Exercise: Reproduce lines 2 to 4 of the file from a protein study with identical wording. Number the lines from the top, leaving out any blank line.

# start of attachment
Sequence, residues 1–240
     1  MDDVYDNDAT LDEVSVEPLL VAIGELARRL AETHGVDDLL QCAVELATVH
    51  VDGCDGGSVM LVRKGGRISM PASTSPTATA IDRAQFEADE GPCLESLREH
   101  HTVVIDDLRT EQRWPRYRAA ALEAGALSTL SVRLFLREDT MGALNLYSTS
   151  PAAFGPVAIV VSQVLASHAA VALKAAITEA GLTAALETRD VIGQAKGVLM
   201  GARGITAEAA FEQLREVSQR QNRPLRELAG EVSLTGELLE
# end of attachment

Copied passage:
     1  MDDVYDNDAT LDEVSVEPLL VAIGELARRL AETHGVDDLL QCAVELATVH
    51  VDGCDGGSVM LVRKGGRISM PASTSPTATA IDRAQFEADE GPCLESLREH
   101  HTVVIDDLRT EQRWPRYRAA ALEAGALSTL SVRLFLREDT MGALNLYSTS